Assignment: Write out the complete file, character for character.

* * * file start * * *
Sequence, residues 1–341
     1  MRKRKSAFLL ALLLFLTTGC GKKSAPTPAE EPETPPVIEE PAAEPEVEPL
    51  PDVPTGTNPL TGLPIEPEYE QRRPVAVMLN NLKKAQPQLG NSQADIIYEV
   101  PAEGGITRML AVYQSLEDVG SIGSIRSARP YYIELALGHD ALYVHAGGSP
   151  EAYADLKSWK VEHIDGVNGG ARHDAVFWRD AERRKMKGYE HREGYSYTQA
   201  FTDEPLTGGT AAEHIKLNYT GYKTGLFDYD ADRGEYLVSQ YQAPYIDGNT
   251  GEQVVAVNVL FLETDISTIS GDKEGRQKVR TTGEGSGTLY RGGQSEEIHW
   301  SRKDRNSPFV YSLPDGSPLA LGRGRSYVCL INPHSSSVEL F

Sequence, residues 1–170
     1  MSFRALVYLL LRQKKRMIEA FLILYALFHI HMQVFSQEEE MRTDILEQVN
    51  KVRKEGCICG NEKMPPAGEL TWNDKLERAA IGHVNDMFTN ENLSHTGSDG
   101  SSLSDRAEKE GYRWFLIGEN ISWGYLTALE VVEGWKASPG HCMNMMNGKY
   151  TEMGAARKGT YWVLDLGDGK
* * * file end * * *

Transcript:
Sequence, residues 1–341
     1  MRKRKSAFLL ALLLFLTTGC GKKSAPTPAE EPETPPVIEE PAAEPEVEPL
    51  PDVPTGTNPL TGLPIEPEYE QRRPVAVMLN NLKKAQPQLG NSQADIIYEV
   101  PAEGGITRML AVYQSLEDVG SIGSIRSARP YYIELALGHD ALYVHAGGSP
   151  EAYADLKSWK VEHIDGVNGG ARHDAVFWRD AERRKMKGYE HREGYSYTQA
   201  FTDEPLTGGT AAEHIKLNYT GYKTGLFDYD ADRGEYLVSQ YQAPYIDGNT
   251  GEQVVAVNVL FLETDISTIS GDKEGRQKVR TTGEGSGTLY RGGQSEEIHW
   301  SRKDRNSPFV YSLPDGSPLA LGRGRSYVCL INPHSSSVEL F

Sequence, residues 1–170
     1  MSFRALVYLL LRQKKRMIEA FLILYALFHI HMQVFSQEEE MRTDILEQVN
    51  KVRKEGCICG NEKMPPAGEL TWNDKLERAA IGHVNDMFTN ENLSHTGSDG
   101  SSLSDRAEKE GYRWFLIGEN ISWGYLTALE VVEGWKASPG HCMNMMNGKY
   151  TEMGAARKGT YWVLDLGDGK